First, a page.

Both neighbors of Nepal, India and China, have donated generously to expedite the vaccination process in the country, while Nepal also seeks to buy more vaccines from India, such dependency means more politics.
Nepal’s vaccination drive that started in early January this year has already seen a few hiccups mostly due to the shortage and the heavy dependency on its rival neighbors, India and China.
At the moment, the vaccination drive is delivering to the beneficiaries in the second priority phase. The beneficiaries include people aged above 55 and people of 40-54 age who have chronic health issues or comorbidities.
On the other hand, the Chinese embassy in Kathmandu has released a statement wherein it states, “the Chinese Embassy in Nepal will provide facilitation to visa applicants who have been fully vaccinated China-made COVID-19 vaccines,” for people who are willing to go to China as students, visitors or for work.
Milind Gyawali,21, a student at the Zheijiang University of Science and Technology, said that the vaccination process was very quick for him as he was a student at a Chinese university and the Chinese government was prioritizing students to get vaccinated. “I received the vaccine on the first day of distribution,” he said.
China expediting the vaccination process for the ones that are willing to go to China increases the appeal of the vaccine particularly to the young people in Nepal who see this as an easy escape from the country. Like Anisha Bhandari, 22, says, “I got the Chinese vaccine and applied to a university in China because I cannot wait until everything goes back to normal and lose another year to the pandemic.
On the contrary, Prasant Neupane, 26, a student of Tribhuvan University, Kathmandu, was able to get the AstraZeneca Oxford Vaccine. Neupane says, “Wherever you go, everyone talks about the vaccine at the moment.” “People are always comparing which vaccine is from where, their efficiency, and which country’s vaccine can be trusted,” he added.
Vaccination Drive and Diplomacy in Nepal
According to the Our World in Statistics data, 1.6 million out of the more than 29 million people in Nepal have been vaccinated so far. The efforts of the government to vaccinate the citizens started when the Ministry of Health and Population sent diplomatic notes through the Ministry of Foreign Affairs to five countries: The USA, The UK, Russia, China, and India.
Due to the fact that all the vaccine candidates were not adequate for Nepal due to the lack of proper storage facilities in Nepal. During the time when Pfizer and Biontech, Moderna, Sputnik V were looking like a farfetched dream for Nepal, the Oxford AstraZeneca vaccine was the only viable option. As it required no special storage holdings and can be stored, transported, and handled at the standard refrigeration conditions, it came to be the most suitable choice for Nepal.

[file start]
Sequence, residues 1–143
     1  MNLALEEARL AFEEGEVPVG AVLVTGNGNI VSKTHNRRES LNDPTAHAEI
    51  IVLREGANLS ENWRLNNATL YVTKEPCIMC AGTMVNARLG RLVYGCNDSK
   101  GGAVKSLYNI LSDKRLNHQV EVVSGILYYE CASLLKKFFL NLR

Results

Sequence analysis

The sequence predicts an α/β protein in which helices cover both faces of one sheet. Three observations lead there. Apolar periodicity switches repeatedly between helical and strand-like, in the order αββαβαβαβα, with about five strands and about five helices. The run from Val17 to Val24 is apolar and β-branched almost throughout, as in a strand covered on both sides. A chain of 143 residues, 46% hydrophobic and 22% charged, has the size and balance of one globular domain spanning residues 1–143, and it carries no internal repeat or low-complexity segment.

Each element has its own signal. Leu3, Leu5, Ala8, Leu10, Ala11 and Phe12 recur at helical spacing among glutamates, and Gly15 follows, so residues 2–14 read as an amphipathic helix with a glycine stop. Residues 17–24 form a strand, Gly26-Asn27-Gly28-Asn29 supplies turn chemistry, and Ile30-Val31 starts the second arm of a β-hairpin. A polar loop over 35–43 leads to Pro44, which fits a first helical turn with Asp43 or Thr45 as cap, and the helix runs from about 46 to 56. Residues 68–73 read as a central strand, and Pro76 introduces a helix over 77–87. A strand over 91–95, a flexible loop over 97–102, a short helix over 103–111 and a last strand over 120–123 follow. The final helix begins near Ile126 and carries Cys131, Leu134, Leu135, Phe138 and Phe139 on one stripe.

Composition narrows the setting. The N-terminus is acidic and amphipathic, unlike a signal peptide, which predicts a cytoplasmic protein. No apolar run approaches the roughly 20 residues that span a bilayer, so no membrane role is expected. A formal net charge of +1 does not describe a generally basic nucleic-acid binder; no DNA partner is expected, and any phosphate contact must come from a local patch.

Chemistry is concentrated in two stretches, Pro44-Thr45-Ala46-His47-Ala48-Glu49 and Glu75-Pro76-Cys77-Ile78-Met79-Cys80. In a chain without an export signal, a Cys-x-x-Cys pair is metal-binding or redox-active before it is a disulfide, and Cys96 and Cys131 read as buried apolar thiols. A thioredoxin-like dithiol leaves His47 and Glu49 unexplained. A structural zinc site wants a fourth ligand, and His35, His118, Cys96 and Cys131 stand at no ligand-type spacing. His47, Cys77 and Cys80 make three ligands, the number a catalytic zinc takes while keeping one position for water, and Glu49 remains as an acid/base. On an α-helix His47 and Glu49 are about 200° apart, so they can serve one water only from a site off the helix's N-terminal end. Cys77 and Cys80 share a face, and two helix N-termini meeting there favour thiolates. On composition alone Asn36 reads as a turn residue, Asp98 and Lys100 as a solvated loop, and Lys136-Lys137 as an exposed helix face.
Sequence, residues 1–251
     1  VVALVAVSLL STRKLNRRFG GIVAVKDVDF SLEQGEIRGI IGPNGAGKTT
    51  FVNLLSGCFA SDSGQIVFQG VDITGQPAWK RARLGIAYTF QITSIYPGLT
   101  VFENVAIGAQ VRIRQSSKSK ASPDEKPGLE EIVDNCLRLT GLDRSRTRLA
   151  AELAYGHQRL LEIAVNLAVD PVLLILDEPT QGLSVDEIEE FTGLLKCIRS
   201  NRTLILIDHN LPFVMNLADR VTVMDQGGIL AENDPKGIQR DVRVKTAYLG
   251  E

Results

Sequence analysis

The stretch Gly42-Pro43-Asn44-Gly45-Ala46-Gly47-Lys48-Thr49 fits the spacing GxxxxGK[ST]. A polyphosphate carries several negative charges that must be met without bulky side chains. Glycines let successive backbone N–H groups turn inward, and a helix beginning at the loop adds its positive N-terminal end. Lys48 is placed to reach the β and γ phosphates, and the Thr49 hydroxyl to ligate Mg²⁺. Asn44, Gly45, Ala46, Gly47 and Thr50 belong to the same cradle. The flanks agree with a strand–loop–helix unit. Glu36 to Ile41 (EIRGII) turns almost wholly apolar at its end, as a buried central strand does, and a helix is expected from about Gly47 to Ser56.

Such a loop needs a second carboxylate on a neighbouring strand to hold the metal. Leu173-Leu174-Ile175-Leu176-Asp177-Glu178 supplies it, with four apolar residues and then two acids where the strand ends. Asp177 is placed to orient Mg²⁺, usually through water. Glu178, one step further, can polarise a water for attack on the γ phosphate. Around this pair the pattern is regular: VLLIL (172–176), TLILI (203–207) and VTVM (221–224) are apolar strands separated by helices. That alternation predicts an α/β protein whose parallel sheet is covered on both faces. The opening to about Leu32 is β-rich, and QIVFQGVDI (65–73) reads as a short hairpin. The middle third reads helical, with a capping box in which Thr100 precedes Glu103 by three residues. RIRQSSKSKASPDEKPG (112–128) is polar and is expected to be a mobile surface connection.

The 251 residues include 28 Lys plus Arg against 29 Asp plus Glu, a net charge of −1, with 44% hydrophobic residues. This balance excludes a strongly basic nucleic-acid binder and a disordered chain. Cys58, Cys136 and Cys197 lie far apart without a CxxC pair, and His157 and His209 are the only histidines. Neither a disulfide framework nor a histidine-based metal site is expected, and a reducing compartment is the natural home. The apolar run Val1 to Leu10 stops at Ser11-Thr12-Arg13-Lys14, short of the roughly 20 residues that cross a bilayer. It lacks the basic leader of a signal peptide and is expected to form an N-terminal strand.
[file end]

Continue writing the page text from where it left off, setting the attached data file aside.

Produced by the Serum Institute of India, the largest human vaccine manufacturer in the world, the vaccine was feasible to be stored and to be brought into the country through India. Therefore on 21 January, the Government of India, in coordination with the Embassy of India, Kathmandu approved the aid of 1 million doses of Covishield vaccine to Nepal.
Similarly, in late March 2021, 800,000 vaccines of the state-owned Sinopharm vaccines from China arrived in Kathmandu to further expedite the vaccination drive.
Now, the second phase of the vaccination drive has been carried out with the Chinese vaccine received in donation while the first phase was carried out with the one million vaccines received as donations from India. However, the vaccine shortage in India has led to a bump in the accelerating vaccination drive because one million doses of the Oxford AstraZeneca vaccine that Nepal is buying from India is in limbo at the moment.
The tale of dependency: Different stories same plot
It all comes down to the same thing for Nepal in terms of dependency as it is again bound to limit its vaccine diplomacy to China and India. Due to the lack of storage facility and logistics for transportation and handling of other vaccines, Nepal has the option to only acquire vaccines from India and China.
While China has barred Indian people from entering China since last November, now those willing to take the Chinese vaccines -which are not available in India- will be facilitated to go to China.
China’s vaccine diplomacy along with Nepal’s convenience and need for Indian vaccine could again put the landlocked country in an awkward position. Both the countries, India and China, have extended support through generous donations of vaccines to further extend their influence in poorer countries like Nepal. It can be a case of misfortune for Nepal as it has had a long-standing history of being sandwiched between China-India rivalry along with both countries meddling in Nepal’s internal politics.